How to select the right micro board?

“It’s strange. Usually people buy Arduino”, said a seller to another in from my favorite electronic shop in Vancouver. I wanted to buy several chips and a board for development called LaunchPad (MSP-EXP430G2). This board allows to program MSP430G2xx microcontrollers in DIL packages from Texas Instruments and it is definitely not an Arduino compatible board.


This situation illustrates the problem: lots of developers still try to choose the right board between Arduino “Something”, Raspberry Pi, Netduino, Qualcomm DragonBoard 410C and so on. But all of these boards (except Raspberry Pi which is a small computer) are prototyping development boards that help developers not just create their own prototypes but program different kinds of microcontrollers. So, if you still wonder how to choose the right micro board, probably, that is a wrong question. A better question is: how to select the right microcontroller?

Microcontrollers are exactly what you can find inside any electronic device, and in fact a microcontroller is a fully functional microcomputer that contains all necessary things inside such as analog to digital convertors, several kinds of memory, abilities to upload custom program logic and so on. You can see several microcomputers from different companies below:


So, if you want to run Blink project, all that you need is a couple of transistors and resistors, a LED and a microcontroller. You don’t need any Arduino, Netduino or any other board. You can solder all components directly or use a breadboard and that’s it.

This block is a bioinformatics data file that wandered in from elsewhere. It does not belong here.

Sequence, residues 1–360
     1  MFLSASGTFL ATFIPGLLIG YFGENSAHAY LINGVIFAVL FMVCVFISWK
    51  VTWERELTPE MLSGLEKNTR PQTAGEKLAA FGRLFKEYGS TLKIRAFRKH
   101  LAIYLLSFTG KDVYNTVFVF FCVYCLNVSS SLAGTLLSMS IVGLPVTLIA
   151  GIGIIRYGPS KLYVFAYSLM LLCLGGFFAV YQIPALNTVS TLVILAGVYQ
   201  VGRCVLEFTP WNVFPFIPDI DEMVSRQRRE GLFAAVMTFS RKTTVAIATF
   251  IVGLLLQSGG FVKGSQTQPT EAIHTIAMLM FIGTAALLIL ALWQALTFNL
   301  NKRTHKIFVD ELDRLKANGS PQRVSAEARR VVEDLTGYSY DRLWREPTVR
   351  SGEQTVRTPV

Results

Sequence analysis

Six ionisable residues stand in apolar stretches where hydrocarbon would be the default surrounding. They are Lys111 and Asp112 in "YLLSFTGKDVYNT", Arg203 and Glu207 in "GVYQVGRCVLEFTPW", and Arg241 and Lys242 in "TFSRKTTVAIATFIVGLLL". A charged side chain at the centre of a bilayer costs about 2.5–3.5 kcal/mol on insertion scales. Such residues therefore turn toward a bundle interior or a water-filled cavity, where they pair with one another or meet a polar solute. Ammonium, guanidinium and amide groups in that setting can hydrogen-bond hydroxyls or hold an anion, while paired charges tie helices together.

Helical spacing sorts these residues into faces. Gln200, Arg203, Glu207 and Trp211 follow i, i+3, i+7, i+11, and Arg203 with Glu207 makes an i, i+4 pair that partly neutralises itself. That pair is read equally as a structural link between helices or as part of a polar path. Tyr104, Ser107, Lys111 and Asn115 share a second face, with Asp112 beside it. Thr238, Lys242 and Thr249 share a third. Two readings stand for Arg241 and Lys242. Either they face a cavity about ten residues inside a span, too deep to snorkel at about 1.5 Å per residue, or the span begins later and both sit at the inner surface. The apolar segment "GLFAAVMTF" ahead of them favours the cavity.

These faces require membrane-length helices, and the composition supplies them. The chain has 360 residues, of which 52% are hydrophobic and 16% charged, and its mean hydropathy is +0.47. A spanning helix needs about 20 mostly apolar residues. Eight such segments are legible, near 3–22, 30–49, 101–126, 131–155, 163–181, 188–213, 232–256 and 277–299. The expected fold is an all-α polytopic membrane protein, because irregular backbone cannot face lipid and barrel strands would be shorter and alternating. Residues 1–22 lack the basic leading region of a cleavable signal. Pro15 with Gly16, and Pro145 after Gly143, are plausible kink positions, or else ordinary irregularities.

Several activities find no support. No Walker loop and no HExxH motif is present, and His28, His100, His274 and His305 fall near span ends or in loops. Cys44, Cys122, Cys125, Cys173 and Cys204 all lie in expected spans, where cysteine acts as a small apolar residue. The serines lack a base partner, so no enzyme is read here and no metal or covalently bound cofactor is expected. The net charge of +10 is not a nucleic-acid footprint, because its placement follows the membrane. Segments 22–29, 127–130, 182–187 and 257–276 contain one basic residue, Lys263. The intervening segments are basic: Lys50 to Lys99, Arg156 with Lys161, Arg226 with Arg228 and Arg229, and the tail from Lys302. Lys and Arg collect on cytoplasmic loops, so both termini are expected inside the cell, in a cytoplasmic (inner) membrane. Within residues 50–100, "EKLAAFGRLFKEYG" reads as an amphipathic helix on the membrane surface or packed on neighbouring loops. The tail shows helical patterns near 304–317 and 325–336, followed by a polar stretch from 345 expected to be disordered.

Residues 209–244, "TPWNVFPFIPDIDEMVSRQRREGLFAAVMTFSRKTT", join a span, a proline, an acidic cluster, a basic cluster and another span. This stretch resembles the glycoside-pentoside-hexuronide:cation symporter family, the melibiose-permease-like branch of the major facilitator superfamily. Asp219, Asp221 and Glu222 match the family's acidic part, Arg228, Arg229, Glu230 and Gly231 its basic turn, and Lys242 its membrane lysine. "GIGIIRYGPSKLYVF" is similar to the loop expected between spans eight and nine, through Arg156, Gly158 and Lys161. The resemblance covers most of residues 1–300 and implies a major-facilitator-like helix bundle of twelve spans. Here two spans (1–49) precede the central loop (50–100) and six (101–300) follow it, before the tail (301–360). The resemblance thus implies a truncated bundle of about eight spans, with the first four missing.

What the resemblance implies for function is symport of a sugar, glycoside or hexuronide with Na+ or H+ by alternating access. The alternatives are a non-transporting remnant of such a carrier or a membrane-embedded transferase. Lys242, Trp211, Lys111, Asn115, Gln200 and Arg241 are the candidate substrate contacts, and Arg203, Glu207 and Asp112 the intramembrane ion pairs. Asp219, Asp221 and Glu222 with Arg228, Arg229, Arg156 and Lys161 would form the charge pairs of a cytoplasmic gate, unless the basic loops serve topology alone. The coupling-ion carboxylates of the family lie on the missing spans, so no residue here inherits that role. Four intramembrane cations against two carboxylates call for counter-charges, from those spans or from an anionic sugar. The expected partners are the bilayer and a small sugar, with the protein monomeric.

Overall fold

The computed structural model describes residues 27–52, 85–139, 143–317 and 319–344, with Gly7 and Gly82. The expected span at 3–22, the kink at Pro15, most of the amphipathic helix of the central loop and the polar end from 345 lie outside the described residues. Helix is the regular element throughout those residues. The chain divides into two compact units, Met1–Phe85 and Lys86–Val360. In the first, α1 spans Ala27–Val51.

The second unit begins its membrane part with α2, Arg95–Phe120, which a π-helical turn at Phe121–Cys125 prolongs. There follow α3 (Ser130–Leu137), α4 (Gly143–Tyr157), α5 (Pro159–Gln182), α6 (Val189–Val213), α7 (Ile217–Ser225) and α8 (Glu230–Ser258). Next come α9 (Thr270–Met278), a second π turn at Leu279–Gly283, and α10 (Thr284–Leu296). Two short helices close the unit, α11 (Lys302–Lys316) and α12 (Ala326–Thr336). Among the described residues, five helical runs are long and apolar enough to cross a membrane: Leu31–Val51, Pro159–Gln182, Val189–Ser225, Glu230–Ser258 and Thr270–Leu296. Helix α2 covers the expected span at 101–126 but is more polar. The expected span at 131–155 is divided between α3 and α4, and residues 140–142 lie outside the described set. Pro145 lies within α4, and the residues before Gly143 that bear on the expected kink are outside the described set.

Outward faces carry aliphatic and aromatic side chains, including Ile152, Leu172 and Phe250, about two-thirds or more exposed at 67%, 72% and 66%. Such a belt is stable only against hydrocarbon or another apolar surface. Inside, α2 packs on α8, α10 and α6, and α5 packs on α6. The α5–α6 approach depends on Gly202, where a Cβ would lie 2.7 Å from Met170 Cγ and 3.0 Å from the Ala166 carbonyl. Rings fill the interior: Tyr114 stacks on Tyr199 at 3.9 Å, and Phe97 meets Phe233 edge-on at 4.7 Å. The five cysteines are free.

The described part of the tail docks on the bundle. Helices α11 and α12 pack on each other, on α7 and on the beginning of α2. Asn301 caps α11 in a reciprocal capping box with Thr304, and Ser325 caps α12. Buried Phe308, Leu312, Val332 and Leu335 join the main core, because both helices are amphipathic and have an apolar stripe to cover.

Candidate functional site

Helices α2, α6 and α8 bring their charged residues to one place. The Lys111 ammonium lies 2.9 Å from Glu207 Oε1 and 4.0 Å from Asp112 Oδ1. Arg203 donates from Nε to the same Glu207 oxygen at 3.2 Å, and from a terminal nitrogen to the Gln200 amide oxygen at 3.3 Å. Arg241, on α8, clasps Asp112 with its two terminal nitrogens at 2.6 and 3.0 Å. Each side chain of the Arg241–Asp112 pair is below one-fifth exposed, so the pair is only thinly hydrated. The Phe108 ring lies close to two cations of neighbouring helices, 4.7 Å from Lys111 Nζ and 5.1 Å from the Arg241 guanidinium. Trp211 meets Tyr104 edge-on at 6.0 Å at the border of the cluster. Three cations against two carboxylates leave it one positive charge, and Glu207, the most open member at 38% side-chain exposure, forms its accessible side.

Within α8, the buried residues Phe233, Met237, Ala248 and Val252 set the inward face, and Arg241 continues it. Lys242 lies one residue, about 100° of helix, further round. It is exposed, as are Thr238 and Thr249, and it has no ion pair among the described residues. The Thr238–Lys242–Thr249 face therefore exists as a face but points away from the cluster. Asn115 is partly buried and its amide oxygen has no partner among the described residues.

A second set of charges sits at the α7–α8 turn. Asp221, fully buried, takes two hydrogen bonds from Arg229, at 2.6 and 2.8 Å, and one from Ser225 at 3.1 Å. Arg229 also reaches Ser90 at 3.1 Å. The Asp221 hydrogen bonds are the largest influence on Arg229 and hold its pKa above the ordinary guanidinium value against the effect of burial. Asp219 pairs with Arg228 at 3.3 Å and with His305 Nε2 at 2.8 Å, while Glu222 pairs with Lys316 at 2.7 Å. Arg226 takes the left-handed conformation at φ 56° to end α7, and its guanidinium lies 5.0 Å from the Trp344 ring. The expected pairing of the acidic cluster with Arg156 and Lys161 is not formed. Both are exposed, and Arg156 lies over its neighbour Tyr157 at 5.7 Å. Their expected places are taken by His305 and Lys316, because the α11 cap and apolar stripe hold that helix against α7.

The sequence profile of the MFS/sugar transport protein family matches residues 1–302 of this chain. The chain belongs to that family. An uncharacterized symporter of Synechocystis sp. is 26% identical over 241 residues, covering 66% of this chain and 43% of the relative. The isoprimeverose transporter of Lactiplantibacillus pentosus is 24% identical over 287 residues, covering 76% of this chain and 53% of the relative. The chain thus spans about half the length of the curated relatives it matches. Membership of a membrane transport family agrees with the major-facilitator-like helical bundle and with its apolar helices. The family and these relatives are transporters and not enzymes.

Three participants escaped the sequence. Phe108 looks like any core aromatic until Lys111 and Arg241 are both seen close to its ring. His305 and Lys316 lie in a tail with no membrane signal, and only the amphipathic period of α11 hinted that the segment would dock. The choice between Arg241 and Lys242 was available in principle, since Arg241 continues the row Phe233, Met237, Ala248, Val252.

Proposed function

Of course, if you only have a chip, you will have some questions such as how to deploy your own code to the microcontroller and how to use C programming language (at least). In order to address these questions, chip manufacturers provide special development boards, advanced compilers and lots of examples in order to help you build your own devices. Once you select the right microcontroller, you will find the right prototype board. But you will use it in order to deploy and test your code for the microcontroller but not for distribution your solution in production, where you will develop your own board for $2-5 but not for $30.

To get additional information, I would recommend to visit several web sites of microcontroller manufacturers:

  • Texas Instruments – produces lots of 16 and 32 bits microcontrollers based on RISC architecture. The simplest development board costs about $10 only;
  • Microchip – produces 8, 16 and 32 bits PIC microcontrollers based on RISC architecture. You can find PICKit 3 programmer on eBay for $12 only. The cheapest official board costs about $20; 
  • STMicroelectronics – their microcontrollers based on ARM architecture are used in Netduino project but native tools are a little bit expensive;
  • Atmel – their chips are used in Arduino compatible boards. They produce 8 and 32 bits chips based on RISC architecture and some ARM based microcontrollers. The simplest development boards cost about $10;

Visiting these web sites, you can find thousands microcontrollers with different abilities. In next articles I am going to show how to work with some of them.

Finally, what about Arduino and Netduino? In fact, when we are talking about Netduino and Arduino, we talk not just about boards but about open source hardware and software platforms. So if you are OK with using the supported microchips, you can easily use Arduino or .NET Micro Framework platforms for your projects. Because these platforms are open source and there is a great community around them, you can simplify the development process using the existing software libraries and schemas. Additionally, these platforms are the best way to start working with IoT without knowledge in electronics.

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